Iain Sinclair


hot on the heels of love
an enquiry as to Iain Sinclair's influence in literature...
seems most of his fans are in the visual arts (janet cardiff, Inventory etc.)
the only literary work i know of that belies his influence is http://heronbore.blogspot.com/ (archives seem to have gone-shame)


bandz ahoy
@Corpsey what did you decide to read based on all the recommendations?
I'm reading that HHnH

It's interesting learning about the period, although I'm a bit sick of the whole "actually that wasn't true" thing at this point

But the assassination itself is rendered pretty brilliantly. I guess it's an intrinsically gripping event – heroic assassins fleeing and hiding in a city crawling with nazis


Well-known member
ok well when you've finished that, you need to read an iain sinclair. either lights out for the territory which luke recommends or orbital which i recommend.


Well-known member
From this book of interviews with sinclair, petit, jotting etc, by Neil jackson

POST-NEARLY PRESS  CONVERSATION SERIES EDITIONS 1-5/2014-2019 https://amzn.eu/d/0YlyKxp

Neil Jackson: There's this notion of "burning a hole through the mem-
brane of the ordinary". It seems to be a great approach: staying open to the possibility of magic in everyday circumstances.

Is this essentially what is meant by psychogeography?

Iain Sinclair: It could be, it sounds like a useful description, because nobody knows what psychogeography is. It's become such a plastic term, having started somewhere very specific: a theoretical, countercultural, Paris-based, Situationist term that was applied to a particular set of circumstances.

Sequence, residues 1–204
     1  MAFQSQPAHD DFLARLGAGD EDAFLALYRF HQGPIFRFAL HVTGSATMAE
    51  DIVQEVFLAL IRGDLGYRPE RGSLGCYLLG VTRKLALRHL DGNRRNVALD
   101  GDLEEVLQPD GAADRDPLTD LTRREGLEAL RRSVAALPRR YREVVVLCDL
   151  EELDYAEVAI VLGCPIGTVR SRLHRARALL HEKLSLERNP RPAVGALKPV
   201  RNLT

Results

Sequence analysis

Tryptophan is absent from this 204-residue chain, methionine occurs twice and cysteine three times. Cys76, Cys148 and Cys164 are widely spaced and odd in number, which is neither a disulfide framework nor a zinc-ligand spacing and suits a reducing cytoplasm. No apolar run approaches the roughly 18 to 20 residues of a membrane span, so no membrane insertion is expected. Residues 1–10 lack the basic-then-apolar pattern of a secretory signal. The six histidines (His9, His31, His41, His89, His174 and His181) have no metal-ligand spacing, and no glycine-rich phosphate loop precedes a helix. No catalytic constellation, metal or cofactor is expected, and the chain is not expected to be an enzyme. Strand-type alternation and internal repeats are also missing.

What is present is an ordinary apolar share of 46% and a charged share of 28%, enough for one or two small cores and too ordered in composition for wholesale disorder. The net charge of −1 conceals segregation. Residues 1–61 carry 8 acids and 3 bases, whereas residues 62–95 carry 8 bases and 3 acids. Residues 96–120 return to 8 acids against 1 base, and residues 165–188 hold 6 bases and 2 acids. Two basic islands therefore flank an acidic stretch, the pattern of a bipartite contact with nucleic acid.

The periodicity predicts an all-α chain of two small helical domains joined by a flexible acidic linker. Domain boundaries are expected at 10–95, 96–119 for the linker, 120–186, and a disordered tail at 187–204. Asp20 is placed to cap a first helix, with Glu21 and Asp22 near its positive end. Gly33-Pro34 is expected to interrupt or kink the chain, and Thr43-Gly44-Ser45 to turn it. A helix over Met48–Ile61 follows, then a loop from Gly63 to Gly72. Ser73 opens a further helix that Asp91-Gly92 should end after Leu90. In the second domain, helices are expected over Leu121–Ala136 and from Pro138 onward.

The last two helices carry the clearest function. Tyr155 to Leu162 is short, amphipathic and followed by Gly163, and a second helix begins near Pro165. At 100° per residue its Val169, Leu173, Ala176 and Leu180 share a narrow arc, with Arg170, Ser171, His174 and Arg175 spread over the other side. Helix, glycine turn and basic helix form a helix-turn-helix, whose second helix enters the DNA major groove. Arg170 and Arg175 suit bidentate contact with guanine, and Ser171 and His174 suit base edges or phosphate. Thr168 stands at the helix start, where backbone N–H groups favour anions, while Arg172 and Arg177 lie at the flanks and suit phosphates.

Then the terminology vanishes, until it returns to London, via people like Stewart Home and the London Psychogeographical Association. Now it spreads out to be anything to do with
walking, cities - but the description that you just brought up, burning a hole through the membrane of the ordinary, seems to be what it was about in the first place. This idea of doings omething that jolts you into a higher level of reality. You have to re-wire reality.

As we walk and navigate, we have our
standard neural pathways, and we need to subvert them. We have to develop techniques for countering conditioned re-
flexes. I think psychogeography could be exactly that.

Somehow we've arrived at one of the best descriptions of it I've heard.

Being open to the marvellous in the ordinary.


Well-known member
Being open to the marvellous in the ordinary

One way of looking at it, but disappointingly that definition negates my opinion that the best psychogeographical novel I've read recently is ATTA by Jarett Kobek, based on a historical event, in which an architecture student with identity issues and a hatred of tall buildings who ( spoiler alert ) hi-jacks a plane and aims it at one of the two tallest buildings on earth. Kobek subtly focuses on the influence of town planning as control angle, but I'm not sure this aligns with the "marvellous" definition.